It is christmas eve, yet publishing this review is more important than ever.
We have seen many unique Fancy Color Diamonds sell at auction and many records set, but we have also seen many fantastic diamonds going unsold. What can we learn and conclude from that? What can we expect during the next 12 months from the industry? There are some very good reports from very interesting parties on the overall diamond industry, some paid for, some independent, yet no one is reviewing the “Investment” sector of the industry? Why is that? How have frauds contributed to preventing further investments in Fancy Color Diamonds? How are Lab grown diamonds affecting the diamond investment industry? What’s next for pink diamonds once the Argyle mine closes in 2020? What about digital currency backed by diamonds? these are the main questions, but at the end it all comes down to only two questions; Should I consider diamonds as an investment, and if so how should I ago about it?
we can always start by a quick analysis of the current industry from various angles and hopefully we will be able to answer.
While overall, the diamond industry has improved during 2018, both in sales volume and profitability, auction sales have decreased. Auction houses rely on a handful of items every year to bring in the larger portion of sales, and this year, was clear that some important pieces went unsold. During 2018, Sotheby’s sold around $414 million in jewellery auction, compared to $551.3 million in 2017, representing an almost 25% decline. Christie’s have also suffered a decline, selling $492.3 million in 2018 compared to $556.7 million in 2017, representing an 11.6% decline.
during the year I had a feeling that both auction houses did much less in order to educate and promote some of their unique pieces. In some cases they also opted to sell items with outdated GIA certificate which were over 5 years old, rather than request an updated one. It felt that less efforts were put in making some, very much needed, videos.
On the other hand, in their defence, it is quite difficult in finding rare items and offer it to the public, as more investors are looking for “perfect” pieces, best colors possible and highest clarities. It is obvious that this year it was even more of a challenge than ever, yet we have seen some great pieces sold and make history. Diamond Investors are sharper and have more acumen than ever before.
Here are some of the successful sales and records:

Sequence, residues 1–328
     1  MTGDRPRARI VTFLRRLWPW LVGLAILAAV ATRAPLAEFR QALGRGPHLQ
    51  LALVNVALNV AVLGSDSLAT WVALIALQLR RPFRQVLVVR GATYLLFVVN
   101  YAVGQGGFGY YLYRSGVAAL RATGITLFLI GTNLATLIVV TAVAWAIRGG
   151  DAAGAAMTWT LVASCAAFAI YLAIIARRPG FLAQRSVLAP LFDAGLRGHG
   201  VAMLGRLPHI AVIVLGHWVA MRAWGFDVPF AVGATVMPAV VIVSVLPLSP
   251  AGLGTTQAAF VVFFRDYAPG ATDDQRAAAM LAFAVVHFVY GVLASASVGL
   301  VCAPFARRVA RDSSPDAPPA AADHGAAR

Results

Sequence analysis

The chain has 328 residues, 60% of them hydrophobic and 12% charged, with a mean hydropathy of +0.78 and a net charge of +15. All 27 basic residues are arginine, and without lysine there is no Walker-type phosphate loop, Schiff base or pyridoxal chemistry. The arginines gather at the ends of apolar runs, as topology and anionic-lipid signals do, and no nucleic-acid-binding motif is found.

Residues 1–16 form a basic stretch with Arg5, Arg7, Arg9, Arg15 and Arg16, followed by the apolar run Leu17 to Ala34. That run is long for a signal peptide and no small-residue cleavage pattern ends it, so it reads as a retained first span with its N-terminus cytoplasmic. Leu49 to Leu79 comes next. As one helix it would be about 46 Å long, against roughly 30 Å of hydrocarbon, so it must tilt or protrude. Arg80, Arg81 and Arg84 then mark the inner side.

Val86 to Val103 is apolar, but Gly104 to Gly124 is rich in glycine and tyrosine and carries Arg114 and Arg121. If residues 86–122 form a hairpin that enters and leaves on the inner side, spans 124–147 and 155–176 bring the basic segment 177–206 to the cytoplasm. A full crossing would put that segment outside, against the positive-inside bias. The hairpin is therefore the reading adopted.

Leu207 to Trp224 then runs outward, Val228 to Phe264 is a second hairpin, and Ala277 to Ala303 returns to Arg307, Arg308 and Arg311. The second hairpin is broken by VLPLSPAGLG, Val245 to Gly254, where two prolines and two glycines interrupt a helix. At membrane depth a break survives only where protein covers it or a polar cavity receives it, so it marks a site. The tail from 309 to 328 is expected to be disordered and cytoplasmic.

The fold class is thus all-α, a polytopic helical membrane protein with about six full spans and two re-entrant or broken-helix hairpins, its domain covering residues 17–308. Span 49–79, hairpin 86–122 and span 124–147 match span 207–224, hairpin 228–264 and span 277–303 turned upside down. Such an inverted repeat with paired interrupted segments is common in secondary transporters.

The 18.96 carat, Fancy Vivid Pink named the Winston Pink Legacy was sold for $49,871,250 (some claim $50 million), or $2,630,340 per carat, making it the most expensive pink diamond ever sold (per carat price). it was sold by Christie’s in Geneva in November 2018.
A 2.02 carat, Fancy Intense Blue diamond was sold by Sotheby’s in Geneva in November 2018 for a total of $3,354,041 or $1,660,416 per carat, making it the most expensive Intense Blue Diamond in the 1-3 carat category (per carat price).
A 3.47 carat, Fancy Intense Blue Diamond was sold by Sotheby’s in New York on April 18, 2018 for a total of $6,663,300 or $1,920,259 per carat. This a record price in the 3-5 carat sub-category (per carat record).
A 2.10 carat, Fancy Vivid Blue Diamond was sold at a Christie’s New York auction on April 17, 2018 for $3,492,500 or $1,663,095 per carat. it was a per carat record in the 1-3 carat Sub-category.
Back in 2017, 5 records were broken in the Intense and Vivid Pink and blue diamond categories.
The financing of the industry continues to dwindle as it becomes more of a challenge to get bank loans. The only area this remains somewhat manageable is India, where the banks continue to support the industry in the rough and mostly polishing sector, despite some major fraud cases pending further investigation. Let’s remember that hundreds of thousands of jobs are in the industry in india, and that india is responsible for over 90% of polishing activities.
From various reports, we have seen a substantial increase in supply for rough diamonds offered by the major mining companies; Approximately 20% increase in production, based on a Bain & Co. report recently published. On the other hand, revenues have only increased by a low 2-3%, meaning (in my humble opinion) that lower quality rough is coming out and that lower average prices also contributed to a lower revenue stream compared to the increase in rough diamonds. New mines have started operations in the last 12 months or so, but a major mine, that of Rio Tinto (Argyle mine in australia) is about to shut down sometimes in 2020. This closure means a major decrease in supply of rough diamonds, especially pink, where Argyle controls over 90% of pink diamond rough, and with continued increase in demand, prices will eventually increase.